High Power Phased Array for 5G FD-MIMO System

 Fifth generation (5G) wireless communication is next major phase of mobile communications standards beyond the current LTE-Advanced. In order to meet 5G faster speed (1-10 Gbps), millimeter wave frequency band has been recommended for 5G wireless communication. Ka band has been targeted for short-range, high data rate communication. One major challenge in implementation of 29 GHz wireless communication is high path loss and to overcome this limitation, a high gain network is needed. Microstrip based networks are lossy at such high frequency and can’t handle high power. Waveguide based networks are appropriate in Ka band because of low loss, high power handling capability, and reliability.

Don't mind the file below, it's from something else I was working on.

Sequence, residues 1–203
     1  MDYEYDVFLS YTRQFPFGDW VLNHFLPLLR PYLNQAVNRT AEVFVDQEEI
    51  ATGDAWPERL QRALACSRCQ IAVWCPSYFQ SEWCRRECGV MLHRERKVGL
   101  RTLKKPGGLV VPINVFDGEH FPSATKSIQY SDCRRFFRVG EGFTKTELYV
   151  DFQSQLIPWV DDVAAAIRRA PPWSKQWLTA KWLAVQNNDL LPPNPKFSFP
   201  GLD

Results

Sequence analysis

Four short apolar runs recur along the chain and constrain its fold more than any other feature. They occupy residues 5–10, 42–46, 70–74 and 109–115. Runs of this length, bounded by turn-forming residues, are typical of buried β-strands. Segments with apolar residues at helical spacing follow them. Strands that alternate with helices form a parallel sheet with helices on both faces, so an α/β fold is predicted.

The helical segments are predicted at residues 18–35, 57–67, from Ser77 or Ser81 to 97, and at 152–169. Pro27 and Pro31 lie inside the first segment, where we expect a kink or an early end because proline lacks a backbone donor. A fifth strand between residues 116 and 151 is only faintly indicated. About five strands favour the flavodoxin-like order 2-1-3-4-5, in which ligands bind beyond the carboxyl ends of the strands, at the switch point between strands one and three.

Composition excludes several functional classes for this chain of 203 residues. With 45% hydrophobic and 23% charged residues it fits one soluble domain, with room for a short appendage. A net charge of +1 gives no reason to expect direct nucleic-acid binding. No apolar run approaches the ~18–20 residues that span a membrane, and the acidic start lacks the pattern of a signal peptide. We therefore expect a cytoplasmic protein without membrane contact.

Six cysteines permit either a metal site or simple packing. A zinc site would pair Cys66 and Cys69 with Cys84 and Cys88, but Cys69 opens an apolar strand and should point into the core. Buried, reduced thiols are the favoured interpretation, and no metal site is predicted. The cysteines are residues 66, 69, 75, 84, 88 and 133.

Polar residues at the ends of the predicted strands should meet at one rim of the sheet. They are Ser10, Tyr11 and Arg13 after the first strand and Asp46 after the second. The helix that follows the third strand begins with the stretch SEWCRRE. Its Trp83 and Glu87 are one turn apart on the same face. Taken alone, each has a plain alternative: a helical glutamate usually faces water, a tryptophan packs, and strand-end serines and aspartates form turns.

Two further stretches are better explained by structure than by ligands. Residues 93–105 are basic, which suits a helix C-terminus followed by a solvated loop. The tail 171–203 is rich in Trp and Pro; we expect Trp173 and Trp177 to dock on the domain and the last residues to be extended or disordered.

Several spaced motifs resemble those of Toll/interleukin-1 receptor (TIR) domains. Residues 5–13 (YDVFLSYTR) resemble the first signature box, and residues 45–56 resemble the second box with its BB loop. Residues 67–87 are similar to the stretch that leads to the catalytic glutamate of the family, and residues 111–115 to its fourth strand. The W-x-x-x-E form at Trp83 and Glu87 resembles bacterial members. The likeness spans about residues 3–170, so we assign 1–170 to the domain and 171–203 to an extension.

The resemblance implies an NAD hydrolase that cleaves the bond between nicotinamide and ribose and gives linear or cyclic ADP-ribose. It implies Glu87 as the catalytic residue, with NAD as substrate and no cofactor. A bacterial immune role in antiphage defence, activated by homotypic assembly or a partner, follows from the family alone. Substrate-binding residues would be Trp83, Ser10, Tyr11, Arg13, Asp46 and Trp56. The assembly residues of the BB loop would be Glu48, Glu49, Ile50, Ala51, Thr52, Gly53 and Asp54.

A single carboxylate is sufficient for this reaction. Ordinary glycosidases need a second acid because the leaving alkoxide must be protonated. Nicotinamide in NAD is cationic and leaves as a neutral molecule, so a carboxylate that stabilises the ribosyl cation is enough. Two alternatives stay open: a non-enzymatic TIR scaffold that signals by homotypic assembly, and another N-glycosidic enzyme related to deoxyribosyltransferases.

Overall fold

Due to the 5G demand for high data rate communication and treasure frequency bandwidth, phased array systems are found significant in wireless communications. Depending on the operating environment, phased arrays can adapt their radiation patterns as well as cancel out information in unwanted directions. Mobile communications networks use MIMO technology to achieve high data rates. In an FD-MIMO (Full Dimension MIMO) system, as shown in fig. 1, a base station with an active array supports multi-user joint elevation and azimuth volumetric beamforming (3D beamforming), which results in much higher cell capacity compared to conventional systems.  Beamforming network (BFN) is main component of phased array antenna. In the beamforming network, the Butler matrix has been used extensively over the years. The Butler matrix has N input ports and N output port and it consists of 90 degree hybrid couplers and fixed phase shifters. It is used to drive an array of N antenna elements.


  1. APMC 2016

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